In the midst of the unedifying spectacle of the Senate hearings on gays and lesbians in the military, the right of homosexuals to serve in another cherished American institution is being challenged. Several newspapers have refused to print recent episodes of the "For Better or for Worse" comic strip, in which a gay teen-ager comes out.
The episodes feature strip protagonist Mike's friend Lawrence, who realizes he is gay. His parents order him out of the house, but subsequently ask him back home and promise to try to accept his homosexuality.
The strips show Lawrence coming out to Mike. Having told Mike that he'll never get married, a worried-looking Lawrence explains that he has fallen in love, "but it's not with a girl."
Mike -- like so many straight people -- reacts to a friend's disclosure of his innermost truth by saying, "I don't wanna know what you're telling me, man!" Then, Mike attempts to reassure Lawrence by saying, "Look, you're not gay, OK? . . . This guy you've met, it's nothing special, see? You're just confused!"
To the credit of cartoonist Lynn Johnston, Lawrence says what so many of us who are gay wish we had said in such circumstances: "Mike, my mind is crystal clear. Everyone else is confused!"
The newspapers that have refused to run the strips give assorted explanations. The Sedalia [Mo.] Democrat's editor said, are a conservative paper in a conservative town. We consider it a family comic strip and felt our readers would not appreciate this striking reference to homosexuality being inserted into it." He says what too many people still say to lesbian and gay children and adults: We don't want to know about you and we will behave as if you did not exist.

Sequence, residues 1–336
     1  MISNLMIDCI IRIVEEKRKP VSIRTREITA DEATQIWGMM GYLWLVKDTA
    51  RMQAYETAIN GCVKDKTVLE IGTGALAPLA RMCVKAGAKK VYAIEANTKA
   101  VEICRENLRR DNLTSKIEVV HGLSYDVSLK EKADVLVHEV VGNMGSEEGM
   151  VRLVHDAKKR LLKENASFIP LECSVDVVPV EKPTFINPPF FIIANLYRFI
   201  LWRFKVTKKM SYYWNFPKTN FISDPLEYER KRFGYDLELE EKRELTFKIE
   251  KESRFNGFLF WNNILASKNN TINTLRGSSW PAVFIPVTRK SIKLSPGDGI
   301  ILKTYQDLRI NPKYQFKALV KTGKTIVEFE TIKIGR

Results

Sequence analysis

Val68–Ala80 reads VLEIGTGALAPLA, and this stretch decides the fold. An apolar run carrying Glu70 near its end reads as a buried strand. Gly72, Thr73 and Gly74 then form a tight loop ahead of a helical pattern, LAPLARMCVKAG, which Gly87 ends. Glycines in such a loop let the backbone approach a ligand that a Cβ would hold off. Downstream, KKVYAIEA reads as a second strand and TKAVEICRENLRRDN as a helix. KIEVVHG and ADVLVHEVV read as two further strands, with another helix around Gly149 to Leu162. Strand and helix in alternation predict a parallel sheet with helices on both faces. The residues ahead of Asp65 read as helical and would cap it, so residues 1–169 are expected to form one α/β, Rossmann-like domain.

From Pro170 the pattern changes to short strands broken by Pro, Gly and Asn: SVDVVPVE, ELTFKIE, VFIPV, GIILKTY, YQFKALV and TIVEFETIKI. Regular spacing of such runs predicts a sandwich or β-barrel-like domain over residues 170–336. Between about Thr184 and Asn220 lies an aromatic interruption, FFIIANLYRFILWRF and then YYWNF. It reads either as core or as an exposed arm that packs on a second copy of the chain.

In a subsequent panel, Lawrence reaches out to Mike for support. Mike draws back, as if Lawrence's needing his friend is a come-on. "There's a big difference between friends and lovers," Lawrence tells him. "And right now, I really need a friend."
With uncanny accuracy, "For Better or for Worse" shows how gay invisibility works. Mike thinks Lawrence's homosexuality is about Mike. Lawrence's parents think it's about them. And, apparently, the military brass and the senators and too many millions of Americans think lesbian and gay Americans' sexuality is about them.
The real Lawrence might become one of the one-third of recorded teen suicides who turn out to be lesbian or gay. He might become one of the uncounted numbers of victims of gay-bashing. Perhaps he will do what many of us still have to do -- deny himself, learn to ignore his human need for intimacy, honesty, connection and happiness. Maybe he will end up serving his country in the military, where he may be subjected to systematic persecution. Why? What has Lawrence done wrong?
He told the truth about his own nature to a society that doesn't want to know about it. The Las Vegas Review-Journal's editor opined, in rejecting the strips, that the comic was "not offensive at all, but it was condoning homosexuality almost to the point of advocacy."
The danger Lawrence poses to the reader is like the one his brothers and sisters pose to the military self-image: not sex, but visibility. For some reason, this culture does not feel comfortable enough with its majority sexual orientation to tolerate those with a minority sexual orientation. Lawrence isn't doing anything, let alone advocating anything. He is just telling the truth about himself.
The secret of homosexuality is no longer one gays and lesbians are willing to keep. We have learned a hard-fought lesson: that our sexual orientation can be the foundation for good and happy lives and that it is society's attitude toward us that is immoral.
We have begun to exchange secrecy for privacy; that is the keynote of our civil-rights struggle. We understand that democracy requires that we help our fellow citizens see us in the proper light; prejudice and bigotry take time to reverse. But in comic strips and in the military, we are facing the demand that we stay invisible, that we give our country not only the full measure of devotion that patriotic citizenship requires, but that we sacrifice our identities while doing it.
Robert Dawidoff, who chairs the history program at the Claremont (Calif.) Graduate School, is co-author of the forthcoming "Created Equal: Why Gay Rights Matter to America." He wrote this commentary for the Los Angeles Times.